The West Virginia
Agriculture Advisory Board and its steering committee set out last year to
develop a five year-strategic plan for West Virginia agriculture. The final
report released April 15 was a grassroots effort which included input from
over 850 participants who either took a survey or attended one of 14
regional meetings. From the data gathered, the report concluded we must
focus on specific areas to maximize the effort of agricultural
stakeholders. The three main areas are connecting producers to market
opportunities, creating infrastructure needed to grow the agriculture
economy and developing the next generation of agricultural industry
producers to new market opportunities will help create new business, as
well as scale up existing. To reach these markets, farmers must understand
federal regulations as well as obtain crucial certifications like Good
Agricultural Practices. Once these producers come into compliance, they
will have to network in order to pool resources, as well as share knowledge
of best practices.
opportunities are not the only targets. Government institutions must throw
their resources into the mix to help grow our agricultural sector. This
includes building business clusters, as well government institutions
themselves sourcing from West Virginia farmers. The Fresh Food Act and
State Parks Farm-to-Table Dinners are a step in the right direction.
opportunities are identified, West Virginia producers will need the proper
infrastructure to tap into them. This includes the developing of co-ops for
processing and selling to help producers tackle larger orders, expanding
their capacities in the process. The next step in the supply chain is food
distributers who have shown commitment to sourcing from local producers.
Having the entire food network working together is key to growing West
restrictions, like the federal rules regarding the transportation of meat
across state lines, must be amended to foster growth. We cannot forget
about non-agriculture infrastructure like broadband. Access to these all
utilities, including the internet, are essential to the modern-day farmer.
Luckily, the state legislature and Senator Shelley Capito are working towards
market opportunities will all be for not without the next generation of
agricultural leaders. The training grounds for those who will take up the
mantle of feeding the world starts with FFA and 4-H programs. The good news
for West Virginia, despite a shrinking population, FFA has seen all-time
highs in membership. West Virginia is clearly doing something right, but we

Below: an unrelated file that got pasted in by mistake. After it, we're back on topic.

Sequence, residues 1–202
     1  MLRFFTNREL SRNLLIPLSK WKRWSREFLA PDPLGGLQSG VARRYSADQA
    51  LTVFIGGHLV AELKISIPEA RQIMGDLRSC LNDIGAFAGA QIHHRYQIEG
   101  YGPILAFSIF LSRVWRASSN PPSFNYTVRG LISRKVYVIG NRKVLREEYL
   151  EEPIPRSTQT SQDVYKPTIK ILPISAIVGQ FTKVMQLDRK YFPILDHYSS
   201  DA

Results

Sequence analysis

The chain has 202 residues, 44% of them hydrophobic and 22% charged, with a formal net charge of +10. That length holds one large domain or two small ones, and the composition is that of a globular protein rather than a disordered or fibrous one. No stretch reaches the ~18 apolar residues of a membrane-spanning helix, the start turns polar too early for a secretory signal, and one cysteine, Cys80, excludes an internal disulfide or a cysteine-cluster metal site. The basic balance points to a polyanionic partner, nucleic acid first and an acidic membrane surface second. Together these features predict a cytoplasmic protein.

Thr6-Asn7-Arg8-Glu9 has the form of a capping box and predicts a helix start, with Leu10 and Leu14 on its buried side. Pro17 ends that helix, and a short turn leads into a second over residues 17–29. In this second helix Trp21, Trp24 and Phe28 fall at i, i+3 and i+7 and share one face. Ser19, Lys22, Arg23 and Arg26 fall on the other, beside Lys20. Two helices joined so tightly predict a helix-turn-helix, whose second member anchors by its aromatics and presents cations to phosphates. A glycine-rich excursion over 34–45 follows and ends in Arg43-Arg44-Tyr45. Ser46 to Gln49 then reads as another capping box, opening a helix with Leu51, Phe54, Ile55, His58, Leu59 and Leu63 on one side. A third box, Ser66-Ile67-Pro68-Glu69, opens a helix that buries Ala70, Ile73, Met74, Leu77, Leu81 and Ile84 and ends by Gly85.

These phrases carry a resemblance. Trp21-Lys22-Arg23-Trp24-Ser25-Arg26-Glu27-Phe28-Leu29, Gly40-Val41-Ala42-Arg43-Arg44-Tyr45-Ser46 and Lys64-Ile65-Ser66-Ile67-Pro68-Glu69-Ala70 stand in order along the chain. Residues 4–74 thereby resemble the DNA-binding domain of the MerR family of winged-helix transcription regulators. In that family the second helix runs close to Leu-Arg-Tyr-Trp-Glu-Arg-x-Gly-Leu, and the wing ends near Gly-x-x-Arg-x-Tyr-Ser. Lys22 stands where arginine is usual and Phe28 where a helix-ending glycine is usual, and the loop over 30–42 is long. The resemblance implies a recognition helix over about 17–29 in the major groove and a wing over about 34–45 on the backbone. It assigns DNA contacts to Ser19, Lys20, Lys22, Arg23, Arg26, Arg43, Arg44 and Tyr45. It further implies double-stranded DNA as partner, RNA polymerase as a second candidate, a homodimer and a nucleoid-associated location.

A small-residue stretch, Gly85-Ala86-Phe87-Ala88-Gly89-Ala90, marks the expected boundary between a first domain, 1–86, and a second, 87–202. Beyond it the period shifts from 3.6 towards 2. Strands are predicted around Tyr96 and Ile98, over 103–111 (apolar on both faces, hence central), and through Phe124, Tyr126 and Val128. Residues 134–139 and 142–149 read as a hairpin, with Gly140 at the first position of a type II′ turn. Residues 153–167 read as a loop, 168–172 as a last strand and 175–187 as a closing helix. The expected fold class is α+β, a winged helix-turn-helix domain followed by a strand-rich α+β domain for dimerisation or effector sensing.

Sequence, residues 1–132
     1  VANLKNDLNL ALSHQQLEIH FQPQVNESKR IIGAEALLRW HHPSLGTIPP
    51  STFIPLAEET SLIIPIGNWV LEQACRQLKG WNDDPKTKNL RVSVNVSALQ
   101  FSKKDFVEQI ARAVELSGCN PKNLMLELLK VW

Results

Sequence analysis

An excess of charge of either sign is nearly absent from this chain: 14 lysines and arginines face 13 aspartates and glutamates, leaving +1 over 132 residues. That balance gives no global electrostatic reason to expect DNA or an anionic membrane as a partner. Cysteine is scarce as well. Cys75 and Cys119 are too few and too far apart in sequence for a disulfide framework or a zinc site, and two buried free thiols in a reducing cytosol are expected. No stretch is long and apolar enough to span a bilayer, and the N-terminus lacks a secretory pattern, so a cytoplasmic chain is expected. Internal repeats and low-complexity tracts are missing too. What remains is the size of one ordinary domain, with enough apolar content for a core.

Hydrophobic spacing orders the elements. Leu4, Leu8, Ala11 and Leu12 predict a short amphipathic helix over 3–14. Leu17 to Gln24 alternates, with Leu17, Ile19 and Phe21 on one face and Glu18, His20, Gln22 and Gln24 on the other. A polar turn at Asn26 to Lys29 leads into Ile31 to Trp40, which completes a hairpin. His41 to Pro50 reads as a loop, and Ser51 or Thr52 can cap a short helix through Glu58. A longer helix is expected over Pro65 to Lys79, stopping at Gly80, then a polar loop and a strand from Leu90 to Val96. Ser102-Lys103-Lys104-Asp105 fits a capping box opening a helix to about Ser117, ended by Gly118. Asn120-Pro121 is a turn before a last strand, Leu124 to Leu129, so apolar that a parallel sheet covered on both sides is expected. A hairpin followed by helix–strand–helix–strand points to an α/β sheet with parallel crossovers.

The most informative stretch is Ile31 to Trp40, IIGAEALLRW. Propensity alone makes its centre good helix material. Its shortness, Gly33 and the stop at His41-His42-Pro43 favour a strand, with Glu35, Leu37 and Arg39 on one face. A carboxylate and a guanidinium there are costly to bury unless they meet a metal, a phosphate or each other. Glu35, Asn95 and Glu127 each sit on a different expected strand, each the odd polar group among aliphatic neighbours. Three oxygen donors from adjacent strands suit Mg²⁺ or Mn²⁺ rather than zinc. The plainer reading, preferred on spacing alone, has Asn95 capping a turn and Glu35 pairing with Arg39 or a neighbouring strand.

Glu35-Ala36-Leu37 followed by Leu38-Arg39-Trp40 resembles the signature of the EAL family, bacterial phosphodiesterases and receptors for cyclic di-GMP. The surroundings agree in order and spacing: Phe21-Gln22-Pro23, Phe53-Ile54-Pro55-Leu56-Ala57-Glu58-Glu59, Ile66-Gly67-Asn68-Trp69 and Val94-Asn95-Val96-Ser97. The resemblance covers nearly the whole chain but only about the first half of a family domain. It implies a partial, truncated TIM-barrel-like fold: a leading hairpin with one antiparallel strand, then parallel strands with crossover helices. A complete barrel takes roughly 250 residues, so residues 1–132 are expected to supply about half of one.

must do more to develop and spur interest in STEAM-based careers. Our
schools should look to develop alternative education curriculums to meet
tomorrow’s workforce needs.
should also explore creating business mentorship programs to pass down
first-hand knowledge to the next generation. As more and more producers are
finding their children do not want to take up the family passion, farmers
are often desperate to find someone to take up their life’s work. Veterans
are a perfect group to pass knowledge and resources onto. Connecting the
dots between those with knowledge to those with passion is how we grow a workforce.
Farming can be easily act as the pilot project for these types of programs.
A lot of folks are
doing great things to improve agriculture in West Virginia. What we were
missing was a road map on how to work together. This plan has helped
identify and prioritize agricultural issues which will have the greatest
impact on our agricultural economy. What we must avoid is this plan
becoming just another study to sit on a shelf and collect dust.
The creation and
implementation of this plan will fall to the steering committee appointed
by the Agriculture Advisory Board. This includes the West Virginia
Department of Agriculture, West Virginia Farm Bureau, USDA Natural
Resources Conservation Service, West Virginia Conservation Agency, WVU
Extension Service, WVU Davis College of Agriculture, Natural Resources and
Design and West Virginia State University Extension Service.
But we for this plan to be successful, we
need all stakeholders to lend their expertise during execution. We look
forward to the challenge. We look forward to working with you.
Kent A. Leonhardt
Commissioner of Agriculture